How the story begins: Parkour expert Faith returns to her message delivery job for the underground resistance, but quickly gets wrapped up in clearing her sister's name in a high-profile murder. Along the way, a web of intrigue and danger is revealed as she tries to take down the Fascist city government.
What the prequel would cover: The whole story of Faith and Mirror's Edge comes packed with history worth exploring. How did Faith join her group of freestyle runners? What was this injury she had that was alluded to in the tutorial? How'd her relationship with the shifty Jackknife go sour? And just think of the drama as she has to dodge the police while doing her job, and one of the cops is her sister. There's tons to cover.
But our biggest reason for wanting a prequel to Mirror's Edge, as opposed to a sequel, is the game that takes place beforehand can have what we thought we were getting in the first game: missions involving her delivering stuff. We liked the simplicity of going as fast as possible from point A to B, but found the dramatic reasons for running there pretty unimportant. Maybe the prequel could just give us complex deliveries featuring multiple runners (co-op?) instead of Faith searching empty buildings for clues.
How the story begins: Your plane crashes into the frigid Atlantic Ocean and you are the sole survivor. Fortunately, there’s an island and working lighthouse within swimming distance. Hey, you’re gonna be okay! Unfortunately, the lighthouse leads to a dilapidated underwater hellhole inhabited by murderous, mutated freaks and ego-driven, philosophy-driveling psychopaths... the latter of which seem to know an awfully disturbing amount about you. Oh well, can’t win ‘em all!
What the prequel would cover: Rapture wasn’t always a hellhole. As anyone who’s played the original BioShock knows, the city was once a utopia populated by some of the globe’s best and brightest individuals. It’s only located in the murky depths of the sea to avoid oppressive scrutiny; the citizens are only insane and mutilated because they tried too hard to improve themselves with science. In hindsight, of course, Rapture was always doomed. If you had lived there during its heyday, however – through the glamorous parties and exciting technological breakthroughs – would you really have questioned?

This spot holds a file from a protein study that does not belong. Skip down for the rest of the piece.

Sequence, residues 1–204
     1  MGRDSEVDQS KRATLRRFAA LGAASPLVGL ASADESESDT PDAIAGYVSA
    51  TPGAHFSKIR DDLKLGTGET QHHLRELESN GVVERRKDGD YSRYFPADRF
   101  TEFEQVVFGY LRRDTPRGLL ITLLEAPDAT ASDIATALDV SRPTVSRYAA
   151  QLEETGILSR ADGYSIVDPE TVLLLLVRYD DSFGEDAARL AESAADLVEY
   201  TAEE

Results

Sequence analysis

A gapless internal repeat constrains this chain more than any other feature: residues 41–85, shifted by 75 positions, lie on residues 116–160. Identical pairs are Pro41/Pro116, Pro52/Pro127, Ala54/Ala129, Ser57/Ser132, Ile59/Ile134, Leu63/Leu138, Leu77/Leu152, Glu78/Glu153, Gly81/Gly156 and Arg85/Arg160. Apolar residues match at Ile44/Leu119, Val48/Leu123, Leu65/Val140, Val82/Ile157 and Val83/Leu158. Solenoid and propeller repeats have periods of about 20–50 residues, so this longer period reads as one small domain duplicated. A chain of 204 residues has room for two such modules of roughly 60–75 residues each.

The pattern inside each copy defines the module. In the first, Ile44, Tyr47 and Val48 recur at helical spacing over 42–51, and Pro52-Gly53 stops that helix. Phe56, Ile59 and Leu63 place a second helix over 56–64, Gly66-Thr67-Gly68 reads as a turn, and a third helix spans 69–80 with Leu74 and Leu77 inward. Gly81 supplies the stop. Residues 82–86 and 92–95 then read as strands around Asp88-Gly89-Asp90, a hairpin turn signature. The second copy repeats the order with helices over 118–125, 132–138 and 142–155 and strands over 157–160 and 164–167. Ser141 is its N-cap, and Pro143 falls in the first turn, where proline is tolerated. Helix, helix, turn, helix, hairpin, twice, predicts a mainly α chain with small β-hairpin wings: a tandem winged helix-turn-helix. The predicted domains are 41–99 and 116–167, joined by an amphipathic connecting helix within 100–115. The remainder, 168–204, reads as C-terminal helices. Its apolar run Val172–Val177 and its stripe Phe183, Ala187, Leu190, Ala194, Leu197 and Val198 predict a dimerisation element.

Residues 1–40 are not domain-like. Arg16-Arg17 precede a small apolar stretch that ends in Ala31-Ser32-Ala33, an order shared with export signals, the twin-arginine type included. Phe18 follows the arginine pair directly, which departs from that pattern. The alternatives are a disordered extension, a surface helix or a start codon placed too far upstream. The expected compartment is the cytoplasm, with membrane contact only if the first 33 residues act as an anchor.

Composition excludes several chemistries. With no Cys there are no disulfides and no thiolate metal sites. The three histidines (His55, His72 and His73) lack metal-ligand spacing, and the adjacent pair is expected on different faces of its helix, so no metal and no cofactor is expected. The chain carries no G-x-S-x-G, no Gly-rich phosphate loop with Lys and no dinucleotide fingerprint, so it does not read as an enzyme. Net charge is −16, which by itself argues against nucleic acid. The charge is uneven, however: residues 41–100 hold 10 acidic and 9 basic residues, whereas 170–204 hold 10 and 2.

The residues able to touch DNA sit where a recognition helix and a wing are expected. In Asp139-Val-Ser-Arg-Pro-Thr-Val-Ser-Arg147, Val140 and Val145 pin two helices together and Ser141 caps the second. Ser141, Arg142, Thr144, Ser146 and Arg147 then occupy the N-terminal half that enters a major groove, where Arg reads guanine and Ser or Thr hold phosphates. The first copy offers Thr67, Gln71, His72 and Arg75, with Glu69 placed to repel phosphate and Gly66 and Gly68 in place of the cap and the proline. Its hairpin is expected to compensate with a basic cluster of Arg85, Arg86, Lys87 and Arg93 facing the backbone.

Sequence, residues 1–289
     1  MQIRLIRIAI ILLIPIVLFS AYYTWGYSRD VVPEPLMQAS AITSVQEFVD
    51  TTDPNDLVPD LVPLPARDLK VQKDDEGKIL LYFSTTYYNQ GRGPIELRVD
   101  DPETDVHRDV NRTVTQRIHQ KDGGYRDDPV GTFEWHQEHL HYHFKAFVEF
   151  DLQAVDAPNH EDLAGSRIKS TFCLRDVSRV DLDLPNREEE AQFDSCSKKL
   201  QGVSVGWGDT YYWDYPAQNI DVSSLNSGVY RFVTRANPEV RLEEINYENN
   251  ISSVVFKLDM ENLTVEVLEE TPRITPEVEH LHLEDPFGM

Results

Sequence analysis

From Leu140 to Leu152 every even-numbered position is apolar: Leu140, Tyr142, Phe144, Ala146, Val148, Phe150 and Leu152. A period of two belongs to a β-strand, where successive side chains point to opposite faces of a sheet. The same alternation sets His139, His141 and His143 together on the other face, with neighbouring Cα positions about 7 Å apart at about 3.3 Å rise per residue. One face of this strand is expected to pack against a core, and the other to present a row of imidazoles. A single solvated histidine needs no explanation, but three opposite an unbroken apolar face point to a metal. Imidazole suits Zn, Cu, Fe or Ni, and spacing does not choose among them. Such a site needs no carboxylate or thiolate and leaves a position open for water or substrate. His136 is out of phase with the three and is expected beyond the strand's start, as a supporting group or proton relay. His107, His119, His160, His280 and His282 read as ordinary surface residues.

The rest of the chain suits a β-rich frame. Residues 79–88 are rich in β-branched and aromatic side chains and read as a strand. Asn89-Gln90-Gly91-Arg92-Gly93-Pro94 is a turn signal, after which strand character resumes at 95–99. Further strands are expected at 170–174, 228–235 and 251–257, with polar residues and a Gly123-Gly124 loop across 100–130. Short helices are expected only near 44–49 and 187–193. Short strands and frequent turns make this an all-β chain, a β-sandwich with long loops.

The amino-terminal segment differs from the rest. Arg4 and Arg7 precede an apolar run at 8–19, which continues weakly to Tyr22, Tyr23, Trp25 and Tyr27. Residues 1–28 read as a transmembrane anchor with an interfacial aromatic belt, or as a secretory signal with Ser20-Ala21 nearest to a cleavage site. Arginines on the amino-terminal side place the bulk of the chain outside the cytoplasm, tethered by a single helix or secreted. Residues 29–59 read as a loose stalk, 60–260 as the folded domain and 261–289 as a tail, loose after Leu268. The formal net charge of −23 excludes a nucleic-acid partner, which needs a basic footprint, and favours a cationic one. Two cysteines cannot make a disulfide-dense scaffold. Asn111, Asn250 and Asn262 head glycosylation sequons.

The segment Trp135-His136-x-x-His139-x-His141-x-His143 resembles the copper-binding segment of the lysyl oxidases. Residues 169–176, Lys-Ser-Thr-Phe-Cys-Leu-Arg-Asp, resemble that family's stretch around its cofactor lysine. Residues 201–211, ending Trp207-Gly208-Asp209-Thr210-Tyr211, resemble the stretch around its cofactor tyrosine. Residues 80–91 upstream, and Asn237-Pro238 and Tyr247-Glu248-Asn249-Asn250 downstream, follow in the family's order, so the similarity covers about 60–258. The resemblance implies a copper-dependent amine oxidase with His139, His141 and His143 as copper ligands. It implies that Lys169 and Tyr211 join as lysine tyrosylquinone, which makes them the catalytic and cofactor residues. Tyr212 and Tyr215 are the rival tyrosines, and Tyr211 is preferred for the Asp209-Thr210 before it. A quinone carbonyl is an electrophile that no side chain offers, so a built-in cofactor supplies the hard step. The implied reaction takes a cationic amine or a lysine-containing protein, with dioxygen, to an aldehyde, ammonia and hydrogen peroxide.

That’s when this prequel should take place: right at the cusp, the turning point, between thriving metropolis and tattered ghost town. BioShock 2 is promising to take us to that moment in the multiplayer, but it’s hard to imagine getting a meaty narrative experience out of a random deathmatch, no matter how cool the maps look. When everything starts to fall apart in Rapture, we want to be in the middle, struggling to make sense of it all. When people start going crazy, we want to have a sense of their personalities already, to view them as tragedies and not boogey men. And when the dream seems altogether lost, we want to escape Rapture in a complete storm of chaos.
How the story begins: A trio of pretty-haired pre-teens sit around on a beach, sewing zippers to their clothing and dreaming of worlds outside their own. Sigh… if only some sort of inciting incident could occur that would immediately justify this foreshadowing and fulfill their generic dreams of intrigue, adventure and excitement! Oh yeah, then a portal opens and a bunch of Disney and Final Fantasy characters show up.
What the prequel would cover: Yes, yes, we know that the upcoming Birth by Sleep for PSP is a prequel to the first Kingdom Hearts. Please read on before you write angry missives in the comments section below. That’s not the kind of prequel we’re interested in.
As much as we adore the idea of mixing Final Fantasy characters with Disney characters, we’re not sure how much longer designer Tetsuya Nomura can keep the balancing act up. Already, the plot is dizzyingly confusing and characters often seem awkwardly wedged into the plotline. We want a third game in the main series, but we’re also scared of that game. What if this oh-so-delicate house of cards completely tumbles?
Here’s our preferred solution. Get rid of one of the universes. Stop trying to deliver everything to everyone and, instead, focus solely on the characters and storylines that are unique to Kingdom Hearts. Square’s already got plenty of other games starring pretty-haired protagonists with fancy clothes and delicate emotions... why not make a straight-up Disney RPG with Disney characters alone?
We’re guessing this would be best accomplished with a KOTOR-style prequel, one that goes back thousands of years, to a time when Final Fantasy legends weren’t next-door neighbors with their cartoon counterparts. If such a time never existed according to the canon, change the canon... it’s so convoluted that no one will notice, anyway.